Break for ads, including, "On the next Montel, Sylvia Browne, What do your dreams mean?'" Montel focuses on the occult every Wednesday and psychic Sylvia is a regular guest.
Montel asked Debbie Jeffreys where things stood. Debbie, on the verge of tears, said "The DEA raided the farm where we were able to get marijuana and they took it away. Everyone in the collaborative... WAMM... worked together to try to get the right blend of marijuana, but we were never able to reproduce it. So, unfortunately, Jeffrey's been in a residential facility for over a year now."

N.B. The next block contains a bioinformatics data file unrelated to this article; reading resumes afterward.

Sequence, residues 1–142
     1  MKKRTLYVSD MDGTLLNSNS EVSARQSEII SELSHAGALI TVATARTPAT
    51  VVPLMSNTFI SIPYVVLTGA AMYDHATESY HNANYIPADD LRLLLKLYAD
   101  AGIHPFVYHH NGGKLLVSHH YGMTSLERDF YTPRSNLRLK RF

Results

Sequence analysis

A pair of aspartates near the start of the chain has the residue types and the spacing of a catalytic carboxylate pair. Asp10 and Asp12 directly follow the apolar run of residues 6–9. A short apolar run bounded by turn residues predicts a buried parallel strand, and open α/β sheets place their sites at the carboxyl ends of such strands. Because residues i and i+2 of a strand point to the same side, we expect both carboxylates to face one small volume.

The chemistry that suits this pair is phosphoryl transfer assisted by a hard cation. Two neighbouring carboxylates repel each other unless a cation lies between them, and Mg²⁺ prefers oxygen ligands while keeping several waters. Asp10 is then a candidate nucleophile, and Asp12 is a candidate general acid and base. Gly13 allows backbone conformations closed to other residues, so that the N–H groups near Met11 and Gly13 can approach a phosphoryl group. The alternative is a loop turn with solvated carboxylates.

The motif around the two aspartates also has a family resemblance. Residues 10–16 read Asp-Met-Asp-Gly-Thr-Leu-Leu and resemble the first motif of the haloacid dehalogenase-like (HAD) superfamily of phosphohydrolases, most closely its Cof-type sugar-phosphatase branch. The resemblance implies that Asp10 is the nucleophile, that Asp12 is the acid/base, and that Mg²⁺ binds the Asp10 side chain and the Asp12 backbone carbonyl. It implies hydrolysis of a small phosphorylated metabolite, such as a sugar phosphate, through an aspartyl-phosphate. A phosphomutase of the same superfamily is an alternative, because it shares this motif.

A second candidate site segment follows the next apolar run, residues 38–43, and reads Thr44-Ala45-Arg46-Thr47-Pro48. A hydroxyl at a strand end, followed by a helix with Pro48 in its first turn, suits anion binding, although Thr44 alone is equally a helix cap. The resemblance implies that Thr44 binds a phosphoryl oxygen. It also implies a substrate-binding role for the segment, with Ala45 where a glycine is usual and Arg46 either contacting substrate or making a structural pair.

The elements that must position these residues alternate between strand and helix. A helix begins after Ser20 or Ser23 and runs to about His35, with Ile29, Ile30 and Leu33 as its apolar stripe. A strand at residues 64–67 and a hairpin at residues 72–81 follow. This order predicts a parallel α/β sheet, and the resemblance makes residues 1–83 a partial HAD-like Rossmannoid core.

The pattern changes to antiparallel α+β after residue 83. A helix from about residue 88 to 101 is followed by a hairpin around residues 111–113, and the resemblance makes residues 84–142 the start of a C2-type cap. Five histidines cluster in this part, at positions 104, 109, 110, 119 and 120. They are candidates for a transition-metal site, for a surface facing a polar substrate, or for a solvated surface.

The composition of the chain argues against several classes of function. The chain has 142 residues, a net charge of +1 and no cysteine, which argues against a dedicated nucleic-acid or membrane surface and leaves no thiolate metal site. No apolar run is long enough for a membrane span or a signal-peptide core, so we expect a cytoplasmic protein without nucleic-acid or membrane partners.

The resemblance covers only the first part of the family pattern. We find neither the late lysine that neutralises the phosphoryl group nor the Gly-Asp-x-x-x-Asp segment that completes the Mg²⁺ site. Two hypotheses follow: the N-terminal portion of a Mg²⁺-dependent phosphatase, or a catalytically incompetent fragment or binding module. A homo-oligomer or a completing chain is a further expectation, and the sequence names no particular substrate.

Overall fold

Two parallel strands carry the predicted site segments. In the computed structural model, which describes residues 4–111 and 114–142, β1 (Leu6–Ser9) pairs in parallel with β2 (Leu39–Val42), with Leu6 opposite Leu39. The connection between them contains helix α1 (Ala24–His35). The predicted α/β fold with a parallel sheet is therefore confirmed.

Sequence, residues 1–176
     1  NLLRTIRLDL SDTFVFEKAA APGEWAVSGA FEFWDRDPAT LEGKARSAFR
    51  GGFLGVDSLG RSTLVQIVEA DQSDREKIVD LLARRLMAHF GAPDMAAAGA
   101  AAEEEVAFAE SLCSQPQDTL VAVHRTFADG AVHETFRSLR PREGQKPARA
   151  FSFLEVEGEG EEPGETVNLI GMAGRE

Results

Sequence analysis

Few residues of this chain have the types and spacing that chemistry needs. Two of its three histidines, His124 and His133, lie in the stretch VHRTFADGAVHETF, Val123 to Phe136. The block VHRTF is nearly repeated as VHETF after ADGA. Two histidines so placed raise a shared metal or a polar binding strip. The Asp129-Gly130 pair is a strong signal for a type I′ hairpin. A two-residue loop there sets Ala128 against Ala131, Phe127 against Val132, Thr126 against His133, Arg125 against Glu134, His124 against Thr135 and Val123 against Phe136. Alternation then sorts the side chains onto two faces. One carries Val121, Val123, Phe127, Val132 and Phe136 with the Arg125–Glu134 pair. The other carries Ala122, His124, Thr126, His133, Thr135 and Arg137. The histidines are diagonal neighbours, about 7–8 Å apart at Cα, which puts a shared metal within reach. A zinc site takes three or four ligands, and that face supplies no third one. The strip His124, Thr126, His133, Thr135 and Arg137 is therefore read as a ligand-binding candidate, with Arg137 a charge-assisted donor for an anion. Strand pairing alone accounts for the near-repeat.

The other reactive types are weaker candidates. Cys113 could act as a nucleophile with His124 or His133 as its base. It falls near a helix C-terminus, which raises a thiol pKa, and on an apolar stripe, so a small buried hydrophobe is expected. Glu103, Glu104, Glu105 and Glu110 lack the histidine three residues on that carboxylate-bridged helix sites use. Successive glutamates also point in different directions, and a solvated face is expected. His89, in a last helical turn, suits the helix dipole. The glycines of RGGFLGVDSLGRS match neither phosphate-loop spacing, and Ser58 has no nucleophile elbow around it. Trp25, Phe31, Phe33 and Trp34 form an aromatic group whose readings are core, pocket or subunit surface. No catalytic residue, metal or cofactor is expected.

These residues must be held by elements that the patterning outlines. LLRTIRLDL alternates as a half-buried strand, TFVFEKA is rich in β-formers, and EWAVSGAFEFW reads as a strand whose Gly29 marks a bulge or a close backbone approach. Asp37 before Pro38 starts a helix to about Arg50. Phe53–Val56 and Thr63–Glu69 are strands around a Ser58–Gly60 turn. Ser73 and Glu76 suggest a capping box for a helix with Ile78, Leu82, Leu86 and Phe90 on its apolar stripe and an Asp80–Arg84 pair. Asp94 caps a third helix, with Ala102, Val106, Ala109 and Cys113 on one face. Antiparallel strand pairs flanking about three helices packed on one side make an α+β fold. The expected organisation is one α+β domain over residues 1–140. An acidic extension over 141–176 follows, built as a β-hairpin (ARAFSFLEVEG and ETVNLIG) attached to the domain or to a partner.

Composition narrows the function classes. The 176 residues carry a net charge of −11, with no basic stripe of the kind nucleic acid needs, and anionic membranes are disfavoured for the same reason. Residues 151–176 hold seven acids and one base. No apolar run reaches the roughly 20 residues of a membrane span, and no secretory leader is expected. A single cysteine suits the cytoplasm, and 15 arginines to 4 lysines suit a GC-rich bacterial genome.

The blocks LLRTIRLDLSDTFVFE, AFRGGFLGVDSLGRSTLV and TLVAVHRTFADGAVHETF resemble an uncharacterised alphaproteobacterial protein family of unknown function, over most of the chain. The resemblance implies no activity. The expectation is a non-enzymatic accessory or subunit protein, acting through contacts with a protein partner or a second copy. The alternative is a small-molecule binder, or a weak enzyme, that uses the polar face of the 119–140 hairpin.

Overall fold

Maybe to viewers whose daily intake includes Ricky Lake and Dr. Phil and such, this melodramatic answer seemed like the whole truth and nothing but but it sounded too pat For sure Valerie Corral of WAMM had developed a special blend for Jeffrey, using all her knowledge and experience as a compounding herbalist and it got taken when the DEA raided the Corrals' property. But there were significant other changes in Jeffrey's environment at this time -Debbie's remarriage, for one, which she did not mention on Montel- more likely to have thrown him for a loop than a change in blend of medicine. It's also likely that a sensitive kid would have been profoundly shaken by the raid itself. Imagine how it must have sounded to his ears: all these kind grown-ups who have been helping you suddenly get arrested at gunpoint and reduced to tears, their garden chopped down, their lives turned upside-down, their futures uncertain How could you not feel guilty and terrified? The raid on WAMM in September 2002 changed the set and setting for Jeffrey's subsequent use of marijuana -freighted it with upsetting associations, undermining its efficacy You'd think the lack of a happy ending would keep the mother and grandmother off the publicity trail, but a revised edition of Debbie's book, "Jeffrey's Journey," is due to be published in February '05 by Ed Rosenthal's company, and the Marijuana Policy Project has granted them $20,000 just to publicize it.